I explained before why the military in Egypt will be a source of power in Egypt for some time. Today this has once more come to the fore. Protesters may say they want Mohamed Morsi out by tomorrow, but odds are he's going to pay a lot more attention to the ultimatum the military issued today, saying that if he and the rest of Egypt's political class couldn't resolve the protest within 48 hours, it would step in. In a statement read on television, General Abdel Fattah didn't explicitly call on Morsi to step down, the New York Times reports, but he said the military would impose its "own road map for the future."

For the time being the Egyptian military appears to be trying to appease all sides even as it prepares to suspend the constitution and dissolve the parliament. The military apparently drafted a plan to sideline Mursi and suspend the constitution once the 48 hour deadline passes. Coordinated with political leaders, an interim council would rule pending new elections.

It is therefore to be expected that Egypt's Mursi will either resign or be sacked on Wednesday. Or, Morsi outmaneuveres the military to either back up its threats or back down.

Discontent started back in November 2012, when President Morsi issued a controversial constitutional declaration granting himself extensive powers. Since then there has been a political divide in the country between the president and the Muslim Brotherhood on the one hand and liberal and revolutionary movements on the other.

This political division was fueled by a controversial constitution written by an Islamist-dominated panel.

The political turmoil facing Egypt, its political class and its powerful military has become almost a given, with all sides turning to public displays of unrest and emotion as often as they do to the democratic process. And as Egypt's political system evolves, it is becoming clear that -- with the exception of a few critical issues, including Gaza, the Suez Canal and the Egyptian military's ability to secure both -- Western and regional governments are viewing Egypt's affinity for unrest with diminishing concern.

Egypt was once the political and religious lynchpin of the Sunni Arab world. Egyptian institutions such as the religious Al-Azhar University and the Islamism championed by the Muslim Brotherhood continue to have significant regional influence, but Egypt is far from being a contender for the role of Arab hegemon. Larger regional issues, such as the Syrian War and the Sunni push back that has placed a formerly ascendant Iran on the defensive, take priority over Egypt's political morass in the eyes of the United States and its Western allies, who have grown weary of intervening in the Middle East.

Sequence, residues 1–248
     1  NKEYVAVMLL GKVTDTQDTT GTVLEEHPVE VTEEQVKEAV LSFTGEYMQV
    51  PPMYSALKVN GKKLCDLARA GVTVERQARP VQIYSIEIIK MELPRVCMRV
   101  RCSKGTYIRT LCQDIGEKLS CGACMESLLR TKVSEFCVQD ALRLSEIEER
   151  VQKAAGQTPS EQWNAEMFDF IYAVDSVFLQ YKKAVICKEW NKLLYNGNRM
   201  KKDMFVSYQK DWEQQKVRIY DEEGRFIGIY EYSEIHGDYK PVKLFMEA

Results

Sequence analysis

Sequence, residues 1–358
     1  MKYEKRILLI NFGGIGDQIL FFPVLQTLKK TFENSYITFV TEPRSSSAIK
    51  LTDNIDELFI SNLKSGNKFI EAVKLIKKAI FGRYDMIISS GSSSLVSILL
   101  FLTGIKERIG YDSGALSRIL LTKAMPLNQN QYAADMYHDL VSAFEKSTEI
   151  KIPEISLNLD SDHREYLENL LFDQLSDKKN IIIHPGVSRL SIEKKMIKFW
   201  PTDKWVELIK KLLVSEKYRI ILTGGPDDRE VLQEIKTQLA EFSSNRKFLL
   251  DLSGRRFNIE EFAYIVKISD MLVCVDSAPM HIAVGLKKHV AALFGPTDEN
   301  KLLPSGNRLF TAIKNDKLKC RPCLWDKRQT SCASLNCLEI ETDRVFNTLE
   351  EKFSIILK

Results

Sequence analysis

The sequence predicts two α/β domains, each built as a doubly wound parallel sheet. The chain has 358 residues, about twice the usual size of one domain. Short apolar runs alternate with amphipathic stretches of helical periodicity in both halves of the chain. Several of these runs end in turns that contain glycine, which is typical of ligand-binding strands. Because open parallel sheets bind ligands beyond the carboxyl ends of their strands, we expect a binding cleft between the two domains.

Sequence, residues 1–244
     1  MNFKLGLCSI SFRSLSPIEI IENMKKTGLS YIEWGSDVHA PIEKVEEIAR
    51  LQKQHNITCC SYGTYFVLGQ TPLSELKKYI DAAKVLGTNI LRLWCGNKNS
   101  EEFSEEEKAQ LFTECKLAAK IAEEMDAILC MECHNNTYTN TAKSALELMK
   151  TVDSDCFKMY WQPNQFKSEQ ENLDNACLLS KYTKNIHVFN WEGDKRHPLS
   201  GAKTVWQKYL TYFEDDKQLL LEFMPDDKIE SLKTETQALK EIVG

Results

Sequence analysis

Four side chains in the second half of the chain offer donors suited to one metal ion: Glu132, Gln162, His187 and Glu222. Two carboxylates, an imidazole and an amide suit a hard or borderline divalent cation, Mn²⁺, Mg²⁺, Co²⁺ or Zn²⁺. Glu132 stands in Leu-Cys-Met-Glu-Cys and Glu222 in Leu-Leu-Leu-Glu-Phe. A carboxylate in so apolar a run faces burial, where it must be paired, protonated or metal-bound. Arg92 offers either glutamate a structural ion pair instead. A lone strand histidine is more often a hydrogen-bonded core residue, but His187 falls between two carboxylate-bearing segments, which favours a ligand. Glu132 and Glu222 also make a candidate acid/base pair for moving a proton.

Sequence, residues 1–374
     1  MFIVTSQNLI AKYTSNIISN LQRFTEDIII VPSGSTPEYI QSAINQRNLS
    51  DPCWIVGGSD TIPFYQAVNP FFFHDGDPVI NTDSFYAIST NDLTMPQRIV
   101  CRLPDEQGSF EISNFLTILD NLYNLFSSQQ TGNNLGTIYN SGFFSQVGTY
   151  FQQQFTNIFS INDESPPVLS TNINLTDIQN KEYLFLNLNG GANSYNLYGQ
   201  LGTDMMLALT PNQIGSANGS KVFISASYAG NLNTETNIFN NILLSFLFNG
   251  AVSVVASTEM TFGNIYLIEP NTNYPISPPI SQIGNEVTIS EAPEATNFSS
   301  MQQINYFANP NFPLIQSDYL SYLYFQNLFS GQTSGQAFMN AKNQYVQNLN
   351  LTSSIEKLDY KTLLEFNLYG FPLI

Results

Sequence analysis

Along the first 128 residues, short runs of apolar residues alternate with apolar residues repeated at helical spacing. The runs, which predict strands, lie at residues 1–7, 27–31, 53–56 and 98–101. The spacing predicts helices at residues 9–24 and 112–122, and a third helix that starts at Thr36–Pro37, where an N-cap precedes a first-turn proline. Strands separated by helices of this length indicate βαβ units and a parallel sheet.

Egypt's relevance will endure for quite some time, even if the country ceases to be a confident leader of the Sunni Arab world. The Suez Canal is and will remain a vital path for global shipping, and Egypt's proximity to the Gaza Strip, as well as its long-standing cease-fire with Israel, will influence Washington to maintain links with the Egyptian military, if not the government in Cairo. The Egyptian military is the primary guarantor of the security of both the Suez Canal and Egypt's border with Gaza. As long as the military maintains its position as the strongest pillar within the Egyptian state, the United States is unlikely to interfere with Egyptian affairs.

The Egyptian army shows no signs of faltering. Its stability is both a blessing and a curse; free from the meddling of stronger foreign actors, the military is becoming increasingly responsible -- and accountable -- for Egypt's continued domestic unrest. In the absence of Western support or intervention, regional actors such as Qatar, and to a lesser extent Saudi Arabia and Libya, are helping to relieve some of the economic pressures facing the Egyptian state. No one, however, is offering an easy fix for Egypt's millennia-old economic and geographic challenges.

No one wants to see Egypt collapse, but no Western or regional actors are willing to step in and shoulder the burden of rebuilding the Egyptian state, either. And the ongoing stability and pervasiveness of the Egyptian military helps assuage foreign concerns that such a collapse might occur. The result is a domestic quagmire of competing political and sectarian interests, and an increasingly beleaguered Egyptian army forced to act as a referee among fractious competitors. Unable and unwilling to step in and establish military rule directly, the military's reliance upon and subsequent empowerment of various political and public forces mean that the current cycle of Egyptian politics -- elections, opposition, protest and unrest -- will not likely change in the near future.

Underlying this dynamic is a serious imbalance in the country's economy, with a growing population that far outweighs the desert country's resources. As Egypt's focus turns inward and its regional position falters, its economy will continue to decline even as its population keeps growing. In short, its larger problems will cease to be addressed even as its political situation continues to grab headlines.





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